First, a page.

Castle Pines, Colorado
The world’s largest COVID-19 vaccine supply and allocation operation has begun its first wave of global distributions, starting in Africa.
Gavi announced that the global roll-out of vaccines commenced on February 24 in Accra, Ghana with 600,000 doses of vaccines. Côte d’Ivoire received 504,000 doses of the vaccine on February 26, and the deliveries have continued since.
This distribution effort, named COVAX, was created by the World Health Organization (WHO), the Coalition for Epidemic Preparedness Innovations (CEPI) and Gavi, the Vaccine Alliance. Its goal is to expand access to COVID-19 vaccines as one of four pillars of the Access to COVID-19 Tools (ACT) Accelerator, which is “a groundbreaking global collaboration to accelerate development, production and equitable access to COVID-19 tests, treatments and vaccines,” according to the WHO.
COVAX has plans to deliver over two billion doses of vaccines to 190 countries before 2022, according to a statement from Gavi. Around 1.3 billion doses are set to go to countries whose governments will receive the vaccines at no cost. According to BBC News, the Oxford-AstraZeneca vaccine and the Pfizer-BioNTech vaccine, both approved for emergency use by the WHO, are currently the only vaccines shipped through COVAX.
On behalf of COVAX, UNICEF is leading the charge to obtain and deliver both vaccines to all 190 participating countries. As the current largest vaccine procurer and distributor in the world, UNICEF feels that it has the expertise needed to carry out this task. In an interview with CBS, Michael Nyenhuis, the president and CEO of UNICEF, said, “So we know how to do this. We have the infrastructure. We have the supply chain to be able to do it.”
By March 5, ten days after the first doses were delivered to Ghana, over 12 million vaccines were shipped to nineteen countries, including Rwanda, Kenya and Angola. Moldova was among this group as the first European country to receive vaccines from COVAX, according to Gavi.
Despite vaccines being rolled out at a faster pace than ever before, many countries have spoken out regarding the fairness of vaccine distributions across the globe. Major vaccine producers, including the United States, United Kingdom, China, Russia and Europe, have shared portions of their own vaccine doses with the world, but sharing is unequal. Although COVAX is largely funded by wealthier countries, WHO director Tedros Adhanom Ghebreyesus said that the money “doesn’t mean anything” if wealthy countries are not willing to share more vaccines, cited from Politico. This statement came in response to the February G7 Leaders’ Statement, which promised new funding pledges for COVAX but not necessarily vaccines.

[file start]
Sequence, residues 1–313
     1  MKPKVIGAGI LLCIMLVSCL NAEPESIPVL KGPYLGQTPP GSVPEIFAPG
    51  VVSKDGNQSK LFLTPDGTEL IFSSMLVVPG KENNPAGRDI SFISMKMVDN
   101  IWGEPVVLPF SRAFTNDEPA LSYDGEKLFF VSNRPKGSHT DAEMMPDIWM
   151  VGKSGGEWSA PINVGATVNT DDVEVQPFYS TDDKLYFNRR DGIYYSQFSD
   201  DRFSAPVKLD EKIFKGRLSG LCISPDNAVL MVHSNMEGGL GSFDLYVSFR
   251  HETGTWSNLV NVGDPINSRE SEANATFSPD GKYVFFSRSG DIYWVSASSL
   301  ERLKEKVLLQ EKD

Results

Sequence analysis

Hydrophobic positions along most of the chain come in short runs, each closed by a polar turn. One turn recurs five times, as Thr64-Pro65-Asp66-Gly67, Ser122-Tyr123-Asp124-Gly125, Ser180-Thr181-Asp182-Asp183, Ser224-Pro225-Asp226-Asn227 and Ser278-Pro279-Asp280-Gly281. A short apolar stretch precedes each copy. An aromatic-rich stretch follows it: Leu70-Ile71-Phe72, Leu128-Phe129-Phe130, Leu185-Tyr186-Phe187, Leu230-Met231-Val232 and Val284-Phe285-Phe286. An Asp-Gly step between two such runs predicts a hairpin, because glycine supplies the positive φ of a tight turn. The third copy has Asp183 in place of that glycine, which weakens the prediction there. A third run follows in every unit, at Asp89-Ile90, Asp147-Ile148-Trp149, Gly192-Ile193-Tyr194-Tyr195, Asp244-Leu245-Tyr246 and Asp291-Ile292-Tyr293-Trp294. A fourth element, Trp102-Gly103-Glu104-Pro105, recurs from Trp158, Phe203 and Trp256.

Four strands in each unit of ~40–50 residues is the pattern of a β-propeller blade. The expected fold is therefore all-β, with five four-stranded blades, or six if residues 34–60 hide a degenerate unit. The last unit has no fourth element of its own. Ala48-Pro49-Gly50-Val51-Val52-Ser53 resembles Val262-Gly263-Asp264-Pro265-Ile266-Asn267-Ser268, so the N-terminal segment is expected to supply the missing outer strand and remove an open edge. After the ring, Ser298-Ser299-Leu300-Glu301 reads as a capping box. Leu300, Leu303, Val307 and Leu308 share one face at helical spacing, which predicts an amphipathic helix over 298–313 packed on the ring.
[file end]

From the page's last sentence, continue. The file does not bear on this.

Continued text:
With the current number of COVAX vaccines, the majority of African countries hope to vaccinate at least 20% of their populations by 2022. This number is still far from the 60-70% required for herd-immunity, but many countries are grateful to simply have started vaccinating their citizens. Monica Musenero, a Ugandan presidential advisor and epidemiologist, stated, “we can advocate for more vaccines, but we should also appreciate what we’ve got,” cited from AP News.
Still, having the vaccines will not be enough; many political leaders are working to increase public confidence in the vaccines as well. In Nigeria, President Muhammadu Buhari received his first COVID-19 vaccine dose on March 6. In a statement from Reuters, Buhari said, “As a demonstration of leadership and faith in the safety and efficacy of the vaccines, I have received my first jab and I wish to commend it to all eligible Nigerians to do the same so that we can be protected from the virus.”